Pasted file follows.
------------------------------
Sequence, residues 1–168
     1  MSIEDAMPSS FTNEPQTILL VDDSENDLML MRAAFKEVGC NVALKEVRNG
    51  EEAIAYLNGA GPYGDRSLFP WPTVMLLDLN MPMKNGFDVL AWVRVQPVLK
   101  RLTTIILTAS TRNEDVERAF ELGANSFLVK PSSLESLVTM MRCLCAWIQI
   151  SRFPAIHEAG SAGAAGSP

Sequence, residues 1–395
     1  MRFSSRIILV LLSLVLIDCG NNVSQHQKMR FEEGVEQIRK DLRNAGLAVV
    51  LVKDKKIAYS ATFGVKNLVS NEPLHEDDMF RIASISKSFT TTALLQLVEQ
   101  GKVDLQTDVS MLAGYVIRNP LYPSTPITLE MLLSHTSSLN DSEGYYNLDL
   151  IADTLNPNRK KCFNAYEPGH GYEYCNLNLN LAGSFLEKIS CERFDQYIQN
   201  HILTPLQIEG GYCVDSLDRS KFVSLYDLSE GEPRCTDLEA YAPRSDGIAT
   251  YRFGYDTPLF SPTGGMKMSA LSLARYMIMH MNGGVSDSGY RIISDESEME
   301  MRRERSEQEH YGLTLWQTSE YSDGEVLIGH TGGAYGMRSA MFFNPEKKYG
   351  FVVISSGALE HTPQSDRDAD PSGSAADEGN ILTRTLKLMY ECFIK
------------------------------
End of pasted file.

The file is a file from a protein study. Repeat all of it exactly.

Sequence, residues 1–168
     1  MSIEDAMPSS FTNEPQTILL VDDSENDLML MRAAFKEVGC NVALKEVRNG
    51  EEAIAYLNGA GPYGDRSLFP WPTVMLLDLN MPMKNGFDVL AWVRVQPVLK
   101  RLTTIILTAS TRNEDVERAF ELGANSFLVK PSSLESLVTM MRCLCAWIQI
   151  SRFPAIHEAG SAGAAGSP

Sequence, residues 1–395
     1  MRFSSRIILV LLSLVLIDCG NNVSQHQKMR FEEGVEQIRK DLRNAGLAVV
    51  LVKDKKIAYS ATFGVKNLVS NEPLHEDDMF RIASISKSFT TTALLQLVEQ
   101  GKVDLQTDVS MLAGYVIRNP LYPSTPITLE MLLSHTSSLN DSEGYYNLDL
   151  IADTLNPNRK KCFNAYEPGH GYEYCNLNLN LAGSFLEKIS CERFDQYIQN
   201  HILTPLQIEG GYCVDSLDRS KFVSLYDLSE GEPRCTDLEA YAPRSDGIAT
   251  YRFGYDTPLF SPTGGMKMSA LSLARYMIMH MNGGVSDSGY RIISDESEME
   301  MRRERSEQEH YGLTLWQTSE YSDGEVLIGH TGGAYGMRSA MFFNPEKKYG
   351  FVVISSGALE HTPQSDRDAD PSGSAADEGN ILTRTLKLMY ECFIK